Scott’s Cheap Flights sends seriously cheap flight deals to your inbox, daily. I recommend starting with the free version, which sends you a limited amount of deals, unlike premium, just to make sure you find it useful (you will) and then pay the $39/year for ALL THE DEALS!
Once you have Scott’s Cheap Flights, you can keep an eye out for cheap flights to that exotic beach you’ve been dreaming of taking Instagram pics on or plan your trip on the fly to whichever flights fit your budget and timeline. The deals come in hot and don’t last long, so just remember to be on your a-game if you want the deal.
B. Start your research in Google Flights
Even though I hate giving in to the all-knowing Google overlord, I use Google Flights pretty religiously when I start my search. It just gives me a general idea of flight prices for my dates and it has tools in the calendar to search different dates, durations, maximum prices and more.
I pretty much always have a trip in mind so once I narrow down when I want to go (usually 2-8 months out) I start checking Google Flights a couple times a week just to get an idea of cheapest and popular routes, main airlines flying those routes and cheapest dates.
C. Make a List of Cheapest Flights
From there I start making a list of the cheapest flights I find with: Price, XXX>XXX (airport code), Dates, Travel Time. As I get closer and closer to travel dates, I start looking for tickets with credit card in hand, rechecking the best flights from my list (which usually change in price).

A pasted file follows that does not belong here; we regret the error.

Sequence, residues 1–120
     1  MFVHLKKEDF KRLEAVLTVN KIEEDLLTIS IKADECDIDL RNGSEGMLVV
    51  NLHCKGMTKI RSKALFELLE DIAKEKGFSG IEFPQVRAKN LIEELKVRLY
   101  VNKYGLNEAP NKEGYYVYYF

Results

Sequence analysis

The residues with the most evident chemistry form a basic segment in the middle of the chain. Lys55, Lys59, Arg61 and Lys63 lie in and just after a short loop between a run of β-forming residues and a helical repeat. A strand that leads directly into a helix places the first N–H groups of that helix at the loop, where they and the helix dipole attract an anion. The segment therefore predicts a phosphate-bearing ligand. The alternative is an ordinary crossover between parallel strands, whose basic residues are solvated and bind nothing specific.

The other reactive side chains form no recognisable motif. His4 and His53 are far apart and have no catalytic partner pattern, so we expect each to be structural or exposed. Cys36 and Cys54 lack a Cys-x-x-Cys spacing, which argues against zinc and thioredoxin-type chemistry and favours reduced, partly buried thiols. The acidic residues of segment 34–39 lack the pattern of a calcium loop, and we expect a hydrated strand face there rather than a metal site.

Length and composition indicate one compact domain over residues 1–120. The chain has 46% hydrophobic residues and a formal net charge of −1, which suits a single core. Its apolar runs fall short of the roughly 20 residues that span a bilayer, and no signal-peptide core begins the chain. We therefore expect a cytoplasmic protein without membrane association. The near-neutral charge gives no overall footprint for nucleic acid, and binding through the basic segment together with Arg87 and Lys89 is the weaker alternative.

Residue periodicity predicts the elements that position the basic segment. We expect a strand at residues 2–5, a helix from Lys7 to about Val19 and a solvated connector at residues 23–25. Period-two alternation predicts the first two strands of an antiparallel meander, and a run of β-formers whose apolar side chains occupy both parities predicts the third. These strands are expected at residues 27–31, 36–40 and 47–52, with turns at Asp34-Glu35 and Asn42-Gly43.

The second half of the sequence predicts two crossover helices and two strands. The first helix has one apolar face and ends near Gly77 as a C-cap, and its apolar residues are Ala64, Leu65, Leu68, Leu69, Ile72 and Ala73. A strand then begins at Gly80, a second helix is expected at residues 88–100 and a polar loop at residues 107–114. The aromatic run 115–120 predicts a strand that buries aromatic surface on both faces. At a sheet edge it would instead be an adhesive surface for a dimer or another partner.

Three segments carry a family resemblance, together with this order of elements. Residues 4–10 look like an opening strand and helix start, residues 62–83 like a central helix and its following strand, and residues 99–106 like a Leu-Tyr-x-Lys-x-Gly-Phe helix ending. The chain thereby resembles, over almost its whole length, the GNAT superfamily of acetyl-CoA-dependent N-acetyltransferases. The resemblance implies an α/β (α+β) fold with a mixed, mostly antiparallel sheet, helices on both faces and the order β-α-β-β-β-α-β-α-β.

D. Check Other Search Engines & Airline Sites
In this whole process, I branch out from Google Flights and try other major search engines like Skyscanner and Momondo (my favorite). Momondo often has lower prices than other booking engines, so it’s important to always check multiple sources before handing over the green.
I also check directly on airline websites. Many sites offer deals for booking directly with them or have handy destination calendars like Norwegian which makes it way easier to see their cheapest routes.
E. My Favorite Sites to Scour
These won’t apply to everyone since they largely have to do with being located in the Southeastern US, but I’m confident these tips can be replicated anywhere.
Skyscanner – Search Anywhere Feature: The very first time I used Skyscanner, I was at a loss on how to get from Krakow to Budapest. The two cities aren’t that far apart, but all flights and trains were so expensive. I decided to try another search engine since my usuals weren’t helping, and that’s when I saw the “Search Anywhere” feature on Skyscanner—a tool that shows you the cheapest flights out of whatever city you choose. I figured Budapest wasn’t happening, so I may as well go somewhere else, and that’s when $70 flights to Israel came up—a destination that wasn’t even on my radar for the trip! By the time I booked, the flight ended up being $150 (I hesitated), but nonetheless I never would have found or even thought to search for that destination without the “Search Anywhere” feature.